miércoles, 9 de abril de 2014
The recommendation for April
Helen Dunmore is a British poet, novelist and children's writer. She studied English at the University of York and after graduation taught English as a foreign language in Finland. Nowadays Helen lives in the city of Bristol. She has won awards for her fiction and also for her poetry.
When she is asked about the beginning of her vocation she explains the fact that her father was the eldest of twelve and that extended family has no doubt had a strong influence on her life. As she admitted: ”In a large family you hear a great many stories”.
In the late 1980s she began to publish short stories and these were the beginning of a breakthrough into fiction. Her first novel for children was “Going to Egypt”, published in 1992 and her first novel for adults was “Zennor in darkness”. After that she has written others novels such as “A spell of winter”, The five chronicles of Ingo, “The Siege”, “Counting the stars”... In 2010 it was published “The Betrayal”, the novel which we want to recommend you.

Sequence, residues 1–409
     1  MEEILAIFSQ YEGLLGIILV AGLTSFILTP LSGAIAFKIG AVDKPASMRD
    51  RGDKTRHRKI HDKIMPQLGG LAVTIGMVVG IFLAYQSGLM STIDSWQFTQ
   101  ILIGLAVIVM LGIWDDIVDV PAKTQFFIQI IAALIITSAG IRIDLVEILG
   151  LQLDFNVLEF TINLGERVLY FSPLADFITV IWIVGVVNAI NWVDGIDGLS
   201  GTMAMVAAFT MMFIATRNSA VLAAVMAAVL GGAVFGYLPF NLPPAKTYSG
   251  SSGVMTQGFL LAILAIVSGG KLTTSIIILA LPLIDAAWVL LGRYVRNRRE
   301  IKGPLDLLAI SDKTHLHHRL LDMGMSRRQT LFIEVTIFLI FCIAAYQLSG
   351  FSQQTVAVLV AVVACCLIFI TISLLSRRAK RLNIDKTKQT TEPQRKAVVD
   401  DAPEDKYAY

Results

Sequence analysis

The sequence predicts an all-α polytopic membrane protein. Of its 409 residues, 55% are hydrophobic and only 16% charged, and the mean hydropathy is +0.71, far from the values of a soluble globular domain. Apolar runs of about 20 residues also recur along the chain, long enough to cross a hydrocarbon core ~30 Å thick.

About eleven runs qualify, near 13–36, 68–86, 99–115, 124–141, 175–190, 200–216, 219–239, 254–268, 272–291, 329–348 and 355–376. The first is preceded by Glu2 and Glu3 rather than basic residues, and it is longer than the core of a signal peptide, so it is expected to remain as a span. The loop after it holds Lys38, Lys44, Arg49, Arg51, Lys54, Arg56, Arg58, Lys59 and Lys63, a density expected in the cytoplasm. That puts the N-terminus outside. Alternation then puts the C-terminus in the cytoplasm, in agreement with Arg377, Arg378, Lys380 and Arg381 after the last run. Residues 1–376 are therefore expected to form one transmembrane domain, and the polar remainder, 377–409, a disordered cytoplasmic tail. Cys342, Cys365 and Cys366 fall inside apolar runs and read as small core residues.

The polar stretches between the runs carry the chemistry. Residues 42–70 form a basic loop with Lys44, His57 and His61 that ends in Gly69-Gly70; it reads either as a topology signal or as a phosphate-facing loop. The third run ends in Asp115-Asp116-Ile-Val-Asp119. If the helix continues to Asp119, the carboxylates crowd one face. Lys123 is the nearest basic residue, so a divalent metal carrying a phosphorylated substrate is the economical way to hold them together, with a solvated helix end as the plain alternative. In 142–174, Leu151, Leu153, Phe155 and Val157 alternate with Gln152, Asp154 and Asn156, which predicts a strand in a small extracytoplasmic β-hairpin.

This novel is set in Leningrad in 1952 - 1953, the final year of Stalin's life. Leningrad in 1952 is a city recovering from war, where Andrei, a young hospital doctor, and Anna, a nursery school teacher, are forging a life together. Summers at the dacha, preparations for the hospital ball, work and the care of sixteen-year old Kolya fill their minds. They try hard to avoid coming to the attention of the authorities, but even so their private happiness is precarious. Stalin is still in power, and the Ministry for State Security has new targets ahead. When Andrei has to treat the seriously ill child of a senior secret police officer, Volkov, he finds himself and his family caught in an impossible game of life and death. In that period the city is ruled by whispers and watchfulness, so the betrayal can come from those closest to you. In fact, Andrei is a great professional and it seems he will have a successful career to develop. However, Andrei will have to face an accusation of unprofessional behavior.
This novel is a deeply moving portrait of life in post-war Soviet Russia. "The Betrayal" brilliantly shows the struggle of ordinary people to survive in a time of violence and terror. We want to encourage you to read this book because it has an interesting plot which you will enjoy. We are sure you will not put it down until you have finished the 327 pages which are part of this novel.
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